When many or all the rival homebuilders in a market discover that their pipeline of future demand is actually at risk of being underpriced by another builder, mayhem can brew up fast.
The same dynamic goes with investor buyers, ones buying bulk for build-for-rent capability and communities in the market. Those buyers, decidedly different animals than they used to be before the end of the easy-money, dirt-cheap borrowing and investing costs days, have less equity to work with, and their cash-flow pro formas are under pressure.
This circles back to the second of the two big issues for homebuilding operators: Margins. Organizations had built them up to historically robust levels in the past 24 months, by both marketing to market in a dynamic demand surge and, some of them, by capturing some impressive cost of sales savings by pivoting to virtual shopping, selling, and click-to-order technologies. Even as direct costs spiralled through the roof, homebuyers clamored for every new product release the minute it would hit the inventory pipeline, and cheap mortgage rates permitted higher and higher input costs to get nested into manageable monthly payment programs.
Now those margins can and will undergo compression, deterioration, and ongoing pressure, particularly as builders pursue market-clearing efforts to move permitted and started homes under construction, and begin to reset a new-normal pace.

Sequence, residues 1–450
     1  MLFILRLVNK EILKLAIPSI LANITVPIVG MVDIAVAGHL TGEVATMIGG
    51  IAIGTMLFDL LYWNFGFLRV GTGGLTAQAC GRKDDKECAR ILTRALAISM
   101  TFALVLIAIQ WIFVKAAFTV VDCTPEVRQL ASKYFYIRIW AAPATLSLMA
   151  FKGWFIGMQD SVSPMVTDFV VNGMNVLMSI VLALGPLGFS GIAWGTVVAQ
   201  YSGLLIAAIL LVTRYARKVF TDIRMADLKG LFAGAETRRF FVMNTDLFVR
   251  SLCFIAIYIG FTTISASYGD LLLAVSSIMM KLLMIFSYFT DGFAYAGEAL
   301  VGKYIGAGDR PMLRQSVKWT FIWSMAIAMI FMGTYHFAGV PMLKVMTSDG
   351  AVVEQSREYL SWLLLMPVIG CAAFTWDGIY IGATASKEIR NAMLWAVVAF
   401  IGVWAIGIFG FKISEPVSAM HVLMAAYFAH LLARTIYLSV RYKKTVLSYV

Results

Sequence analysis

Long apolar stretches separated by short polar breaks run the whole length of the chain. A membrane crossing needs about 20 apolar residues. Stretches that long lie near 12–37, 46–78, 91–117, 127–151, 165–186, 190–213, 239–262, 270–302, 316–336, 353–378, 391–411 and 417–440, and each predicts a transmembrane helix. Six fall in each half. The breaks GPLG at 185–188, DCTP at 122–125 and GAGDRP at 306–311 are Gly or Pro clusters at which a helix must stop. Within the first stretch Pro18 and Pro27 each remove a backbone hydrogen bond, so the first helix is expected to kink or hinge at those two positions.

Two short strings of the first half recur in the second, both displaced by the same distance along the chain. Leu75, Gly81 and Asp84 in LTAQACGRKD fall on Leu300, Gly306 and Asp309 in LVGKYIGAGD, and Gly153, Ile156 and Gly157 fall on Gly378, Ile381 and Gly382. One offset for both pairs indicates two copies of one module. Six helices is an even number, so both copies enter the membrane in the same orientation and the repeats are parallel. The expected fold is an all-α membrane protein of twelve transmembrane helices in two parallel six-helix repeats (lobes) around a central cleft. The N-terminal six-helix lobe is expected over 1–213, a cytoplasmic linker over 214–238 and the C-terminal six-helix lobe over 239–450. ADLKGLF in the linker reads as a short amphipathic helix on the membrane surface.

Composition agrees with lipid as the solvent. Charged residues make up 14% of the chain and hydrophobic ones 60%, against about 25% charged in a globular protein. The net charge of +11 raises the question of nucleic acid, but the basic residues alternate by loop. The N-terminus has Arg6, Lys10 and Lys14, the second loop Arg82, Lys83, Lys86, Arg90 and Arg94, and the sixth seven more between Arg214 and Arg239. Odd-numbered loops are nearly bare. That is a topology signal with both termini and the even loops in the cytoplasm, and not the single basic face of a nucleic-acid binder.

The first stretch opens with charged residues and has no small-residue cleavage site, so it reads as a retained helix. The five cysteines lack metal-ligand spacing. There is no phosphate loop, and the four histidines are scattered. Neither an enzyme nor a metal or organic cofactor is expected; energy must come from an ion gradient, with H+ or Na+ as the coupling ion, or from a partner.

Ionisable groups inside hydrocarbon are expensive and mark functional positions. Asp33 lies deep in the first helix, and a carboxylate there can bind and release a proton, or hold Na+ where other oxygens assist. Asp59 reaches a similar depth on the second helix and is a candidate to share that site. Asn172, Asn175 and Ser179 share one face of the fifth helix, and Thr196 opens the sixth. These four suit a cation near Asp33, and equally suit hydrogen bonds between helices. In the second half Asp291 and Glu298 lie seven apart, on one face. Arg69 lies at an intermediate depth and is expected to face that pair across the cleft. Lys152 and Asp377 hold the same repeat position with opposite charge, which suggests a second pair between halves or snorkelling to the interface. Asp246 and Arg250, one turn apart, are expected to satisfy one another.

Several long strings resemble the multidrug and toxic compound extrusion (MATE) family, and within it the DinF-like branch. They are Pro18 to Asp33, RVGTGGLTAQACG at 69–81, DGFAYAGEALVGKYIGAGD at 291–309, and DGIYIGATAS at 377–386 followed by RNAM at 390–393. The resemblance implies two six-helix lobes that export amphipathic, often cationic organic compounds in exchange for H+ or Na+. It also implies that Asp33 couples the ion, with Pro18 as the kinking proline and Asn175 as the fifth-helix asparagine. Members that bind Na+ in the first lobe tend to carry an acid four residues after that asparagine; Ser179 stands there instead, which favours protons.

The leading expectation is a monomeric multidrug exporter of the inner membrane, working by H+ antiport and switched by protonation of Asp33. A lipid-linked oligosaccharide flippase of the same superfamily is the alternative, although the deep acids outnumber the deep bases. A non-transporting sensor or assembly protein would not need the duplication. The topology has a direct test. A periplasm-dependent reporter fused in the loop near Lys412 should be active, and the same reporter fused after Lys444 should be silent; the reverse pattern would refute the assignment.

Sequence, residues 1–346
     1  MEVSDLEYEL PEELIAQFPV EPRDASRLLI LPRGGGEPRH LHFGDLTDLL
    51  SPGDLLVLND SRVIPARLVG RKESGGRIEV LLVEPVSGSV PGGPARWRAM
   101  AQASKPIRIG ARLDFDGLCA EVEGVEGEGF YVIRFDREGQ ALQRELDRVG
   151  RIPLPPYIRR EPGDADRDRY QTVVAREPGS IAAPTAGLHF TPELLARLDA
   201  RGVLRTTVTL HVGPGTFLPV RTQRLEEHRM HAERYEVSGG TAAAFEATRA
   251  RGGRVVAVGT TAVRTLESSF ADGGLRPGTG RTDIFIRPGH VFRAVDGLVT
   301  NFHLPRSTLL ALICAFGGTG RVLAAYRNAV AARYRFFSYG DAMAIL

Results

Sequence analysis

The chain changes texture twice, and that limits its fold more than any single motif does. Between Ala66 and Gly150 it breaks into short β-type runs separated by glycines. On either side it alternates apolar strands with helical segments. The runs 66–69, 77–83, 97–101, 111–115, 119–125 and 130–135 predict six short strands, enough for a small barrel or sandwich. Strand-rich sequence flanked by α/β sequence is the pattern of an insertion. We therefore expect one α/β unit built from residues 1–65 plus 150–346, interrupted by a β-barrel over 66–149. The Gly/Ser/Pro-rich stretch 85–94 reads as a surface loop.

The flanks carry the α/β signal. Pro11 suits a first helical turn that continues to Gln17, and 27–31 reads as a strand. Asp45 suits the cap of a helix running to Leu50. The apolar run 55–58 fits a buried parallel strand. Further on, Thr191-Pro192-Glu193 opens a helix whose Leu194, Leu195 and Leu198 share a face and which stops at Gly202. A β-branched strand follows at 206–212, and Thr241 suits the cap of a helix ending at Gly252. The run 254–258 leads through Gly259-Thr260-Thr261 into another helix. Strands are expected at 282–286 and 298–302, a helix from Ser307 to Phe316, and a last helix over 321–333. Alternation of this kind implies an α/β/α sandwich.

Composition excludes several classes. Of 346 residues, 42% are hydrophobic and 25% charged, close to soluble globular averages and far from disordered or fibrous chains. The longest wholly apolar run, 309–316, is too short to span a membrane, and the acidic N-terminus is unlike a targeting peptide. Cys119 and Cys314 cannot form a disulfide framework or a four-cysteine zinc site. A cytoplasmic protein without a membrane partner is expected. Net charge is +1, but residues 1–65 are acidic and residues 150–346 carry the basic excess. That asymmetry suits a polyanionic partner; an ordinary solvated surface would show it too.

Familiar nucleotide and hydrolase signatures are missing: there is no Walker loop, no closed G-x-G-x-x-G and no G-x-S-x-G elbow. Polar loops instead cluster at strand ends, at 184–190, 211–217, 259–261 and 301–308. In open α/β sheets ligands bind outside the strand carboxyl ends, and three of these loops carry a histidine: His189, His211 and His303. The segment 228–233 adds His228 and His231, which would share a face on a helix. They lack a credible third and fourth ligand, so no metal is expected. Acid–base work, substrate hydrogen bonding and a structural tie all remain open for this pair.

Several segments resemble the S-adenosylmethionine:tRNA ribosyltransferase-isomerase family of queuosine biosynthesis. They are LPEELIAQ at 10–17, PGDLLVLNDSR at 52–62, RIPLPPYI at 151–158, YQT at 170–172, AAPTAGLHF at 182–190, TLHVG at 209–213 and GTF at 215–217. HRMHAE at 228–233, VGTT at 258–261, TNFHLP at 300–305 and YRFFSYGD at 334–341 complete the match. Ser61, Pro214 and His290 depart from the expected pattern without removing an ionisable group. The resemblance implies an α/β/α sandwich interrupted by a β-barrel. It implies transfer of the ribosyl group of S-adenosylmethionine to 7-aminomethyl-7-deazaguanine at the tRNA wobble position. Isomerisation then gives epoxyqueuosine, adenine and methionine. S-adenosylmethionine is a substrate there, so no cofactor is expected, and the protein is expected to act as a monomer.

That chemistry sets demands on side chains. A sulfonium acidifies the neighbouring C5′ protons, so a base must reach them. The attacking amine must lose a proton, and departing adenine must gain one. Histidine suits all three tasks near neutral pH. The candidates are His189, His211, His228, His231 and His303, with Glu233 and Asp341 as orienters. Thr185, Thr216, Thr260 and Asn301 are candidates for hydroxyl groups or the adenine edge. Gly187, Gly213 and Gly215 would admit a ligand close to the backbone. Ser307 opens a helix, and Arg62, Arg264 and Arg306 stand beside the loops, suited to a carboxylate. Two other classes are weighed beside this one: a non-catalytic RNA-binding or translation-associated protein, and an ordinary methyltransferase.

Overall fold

Discounts, land-deal exit expenses, added sales costs, and increased carrying costs for communities with slower absorption rates will all impact margins.
Better operators will naturally run-at lower commodities prices as they cascade through channels that have both improved supply chains and begun to price in weaker demand.
Too, slackening demand will even start to relieve some of the price pressure and costs of schedule delays do to skilled frontline trade crew availability.
Still, rotating those newly captured savings into the operation, and flowing them through the balance sheet will take time.
Which brings us to that third crucial issue. How long can one endure operating at a minimum viable profit margin that may test a variety of levels before establishing a floor?
The leadership challenge aligns with one Harvard Business Review contributor and Bain partner Michael Mankins, frames out this way: